Tuesday, October 9

Turkey-Iran, Day Fifteen: The Forbidden Land

Of course the subtitle above is meant to be satirical, but I was still surprised at how many raised eyebrows I received when telling others of my plan to travel to Iran. For me it was a no brainer - it has enough historical, cultural and political relevance to top whichever criteria a travel list might use. On the other hand, it does have a reputation of inaccessibility (probably caused both by internal and external forces) and Muslims of the Sunni persuasion seemed to have an even more averse reaction to the Shia majority country. But it was the rapidly changing state of the world (see: Iraq, Syria) and a developing Iranian tourist cottage industry that convinced me to check out the place sooner rather than later. That and a real sense of ignorance about the place - of course it goes without saying that its not the evil place western (and some religious) media tells us it is, but it would have been equally naive to assume it was the complete opposite. I was going in with a blank slate and was prepared to learn a lot.

Once I had decided to go, everything appeared to fall into place relatively quickly. I asked a (Shia) friend who had previously been about visa advice, at which point he decided join me on the trip. I was then introduced to a budding tour operator from Isfahan who arranged almost everything I would need on the the trip, from drivers and local guides to food and most importantly money - there are no international credit cards in use in Iran, and the official government exchange rate forces a visitor to use the black market if they want any kind of value from their foreign currency. Speaking of which, as the rate was so much in our favour the whole trip promised to be great value so that was a bonus.

The only real downside to the trip was its length. The eight days in total that we had was limiting, and as I always plan "as if it's my last trip" the itinerary we ended up with seemed pretty ambitious on paper. My friend had as much energy and drive as I did so it had a real chance of working out.

The first surprise of the trip was at the airport. We were past immigration and with our luggage within 15 minutes of landing, which was pretty efficient for a xenophobic and watchful regime. Although we had landed in Tehran, the plan was to head south from the airport (as it was itself south of the city) and hit the road. And so our first stop in Iran was actually Qom.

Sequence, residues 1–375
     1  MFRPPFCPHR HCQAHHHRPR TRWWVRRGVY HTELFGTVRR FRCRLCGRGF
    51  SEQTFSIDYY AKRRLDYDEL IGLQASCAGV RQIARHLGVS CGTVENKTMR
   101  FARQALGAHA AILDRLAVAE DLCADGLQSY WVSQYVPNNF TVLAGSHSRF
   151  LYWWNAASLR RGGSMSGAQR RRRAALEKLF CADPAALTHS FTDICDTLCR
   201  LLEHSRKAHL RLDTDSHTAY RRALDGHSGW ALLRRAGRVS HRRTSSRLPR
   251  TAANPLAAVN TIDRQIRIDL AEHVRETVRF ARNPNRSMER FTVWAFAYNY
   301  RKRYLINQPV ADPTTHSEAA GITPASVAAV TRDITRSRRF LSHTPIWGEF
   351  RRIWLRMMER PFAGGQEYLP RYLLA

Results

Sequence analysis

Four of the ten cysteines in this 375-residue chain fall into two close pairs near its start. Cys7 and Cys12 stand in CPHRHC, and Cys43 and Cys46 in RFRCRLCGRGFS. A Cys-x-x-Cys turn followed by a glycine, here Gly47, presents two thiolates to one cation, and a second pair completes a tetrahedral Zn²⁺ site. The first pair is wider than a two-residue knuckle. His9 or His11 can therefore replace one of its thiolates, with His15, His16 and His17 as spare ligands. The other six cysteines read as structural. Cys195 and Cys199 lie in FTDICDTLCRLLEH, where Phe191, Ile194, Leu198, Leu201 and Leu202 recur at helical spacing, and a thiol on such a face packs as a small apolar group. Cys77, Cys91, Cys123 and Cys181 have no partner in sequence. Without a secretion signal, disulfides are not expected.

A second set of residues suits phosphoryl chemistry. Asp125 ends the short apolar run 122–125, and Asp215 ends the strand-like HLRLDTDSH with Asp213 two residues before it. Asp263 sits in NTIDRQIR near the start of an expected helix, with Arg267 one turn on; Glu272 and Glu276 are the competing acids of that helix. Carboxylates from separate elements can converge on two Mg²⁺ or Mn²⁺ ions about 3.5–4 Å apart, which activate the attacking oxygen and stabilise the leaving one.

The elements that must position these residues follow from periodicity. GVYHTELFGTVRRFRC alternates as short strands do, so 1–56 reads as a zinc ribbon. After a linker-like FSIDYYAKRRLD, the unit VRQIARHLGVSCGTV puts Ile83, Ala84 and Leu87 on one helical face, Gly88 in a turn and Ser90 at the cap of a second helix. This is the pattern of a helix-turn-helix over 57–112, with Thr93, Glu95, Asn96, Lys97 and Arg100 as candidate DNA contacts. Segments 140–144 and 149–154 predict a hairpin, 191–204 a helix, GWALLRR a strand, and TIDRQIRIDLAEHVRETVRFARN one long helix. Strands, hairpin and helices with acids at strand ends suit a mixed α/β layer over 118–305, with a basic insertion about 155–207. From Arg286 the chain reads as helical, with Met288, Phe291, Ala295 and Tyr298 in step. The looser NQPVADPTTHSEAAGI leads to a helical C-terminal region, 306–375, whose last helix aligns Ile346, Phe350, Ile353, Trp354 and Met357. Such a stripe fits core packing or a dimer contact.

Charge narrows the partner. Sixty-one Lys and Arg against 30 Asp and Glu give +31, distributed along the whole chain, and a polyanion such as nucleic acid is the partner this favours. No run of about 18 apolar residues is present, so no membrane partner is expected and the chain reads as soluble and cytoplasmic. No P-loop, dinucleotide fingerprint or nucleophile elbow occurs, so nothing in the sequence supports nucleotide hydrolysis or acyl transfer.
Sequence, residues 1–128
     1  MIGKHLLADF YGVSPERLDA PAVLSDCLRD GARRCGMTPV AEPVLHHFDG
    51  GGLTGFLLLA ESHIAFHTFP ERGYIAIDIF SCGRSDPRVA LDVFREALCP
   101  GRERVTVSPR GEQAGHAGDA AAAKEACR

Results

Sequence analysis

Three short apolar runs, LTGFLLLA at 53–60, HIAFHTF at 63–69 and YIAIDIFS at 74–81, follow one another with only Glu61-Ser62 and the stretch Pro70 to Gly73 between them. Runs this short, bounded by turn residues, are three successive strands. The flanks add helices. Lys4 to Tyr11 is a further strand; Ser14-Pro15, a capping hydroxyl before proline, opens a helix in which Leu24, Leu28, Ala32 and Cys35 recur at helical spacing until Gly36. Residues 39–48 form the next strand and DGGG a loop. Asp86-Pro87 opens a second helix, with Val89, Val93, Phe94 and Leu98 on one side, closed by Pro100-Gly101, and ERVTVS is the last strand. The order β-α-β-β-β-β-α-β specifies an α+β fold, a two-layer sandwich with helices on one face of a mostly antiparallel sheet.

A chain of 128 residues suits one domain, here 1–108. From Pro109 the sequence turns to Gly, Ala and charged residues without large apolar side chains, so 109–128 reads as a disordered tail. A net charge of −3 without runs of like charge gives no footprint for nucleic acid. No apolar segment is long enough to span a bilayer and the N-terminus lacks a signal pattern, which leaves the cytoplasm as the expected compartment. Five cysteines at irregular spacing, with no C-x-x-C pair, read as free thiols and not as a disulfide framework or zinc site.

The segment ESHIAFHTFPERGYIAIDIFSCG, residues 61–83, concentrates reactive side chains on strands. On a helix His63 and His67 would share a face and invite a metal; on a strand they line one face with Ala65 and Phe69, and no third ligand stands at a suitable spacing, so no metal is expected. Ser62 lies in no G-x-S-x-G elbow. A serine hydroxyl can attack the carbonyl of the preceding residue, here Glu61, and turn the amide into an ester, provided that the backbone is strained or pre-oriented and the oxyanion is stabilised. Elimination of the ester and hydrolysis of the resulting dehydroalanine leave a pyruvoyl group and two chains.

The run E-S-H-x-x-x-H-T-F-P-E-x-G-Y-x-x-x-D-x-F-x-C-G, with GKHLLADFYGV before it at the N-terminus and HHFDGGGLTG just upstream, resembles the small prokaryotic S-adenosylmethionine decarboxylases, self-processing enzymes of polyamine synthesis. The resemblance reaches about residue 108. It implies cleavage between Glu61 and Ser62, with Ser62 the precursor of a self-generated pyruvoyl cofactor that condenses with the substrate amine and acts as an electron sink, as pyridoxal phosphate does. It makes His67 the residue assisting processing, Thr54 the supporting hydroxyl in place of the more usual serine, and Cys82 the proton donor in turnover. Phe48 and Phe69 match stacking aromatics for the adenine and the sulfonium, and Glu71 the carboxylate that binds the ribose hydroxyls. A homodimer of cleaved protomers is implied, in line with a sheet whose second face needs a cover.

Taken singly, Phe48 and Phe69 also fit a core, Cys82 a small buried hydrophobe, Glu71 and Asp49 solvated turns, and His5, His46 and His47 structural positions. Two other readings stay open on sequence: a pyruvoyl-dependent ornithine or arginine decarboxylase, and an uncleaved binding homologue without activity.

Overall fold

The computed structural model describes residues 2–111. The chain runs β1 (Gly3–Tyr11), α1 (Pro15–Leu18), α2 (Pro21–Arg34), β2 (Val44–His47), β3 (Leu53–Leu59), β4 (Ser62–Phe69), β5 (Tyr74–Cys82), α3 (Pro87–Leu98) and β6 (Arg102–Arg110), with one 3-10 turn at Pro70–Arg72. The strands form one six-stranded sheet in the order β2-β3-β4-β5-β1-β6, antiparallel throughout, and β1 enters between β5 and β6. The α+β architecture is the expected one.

Qom is significant in being the global centre of Shia academic study but for passer-bys the main attraction is the Haram in the centre. Here we found the Holy Shrine of Fatemeh Maasoume as well as the Imam Hasan Askari Mosque, our first glimpse at Persian-Shia religious architectural styles.

I've opted to include shrines in my rolling list of sites as in Iran they appear to serve as much as a place of worship as mosques do.

Mosque #29: Fatemeh Maasoume Shrine
Mosque #30: Imam Hasan Askari Mosque

After a quick walk through the Qom historical bazaar and drive by the Gonbad Sabz Garden (which was closed) we headed south to the Jamkaran Mosque. This is said to be the place Imam Mahdi anonymously visits every Tuesday evening, bringing huge crowds with him. Although today was Tuesday our schedule didn't permit us to stay too long, but although we didn't get to experience that particular audience the mosque itself was impressive enough for the visit.

Mosque #31: Jamkaran Mosque

We then made a beeline to our next city, Kashan, where we were to spend the night. Before heading for dinner and then bed, we visited the historical bazaar here too - it was the same as Qom's but different, a feeling we were to see elsewhere in city planning and character. Although we were a fair few leagues off I was beginning to channel Aladdin, Prince of Persia and the like.

The second surprise of the day was the thunder and lightning we witnessed that evening.

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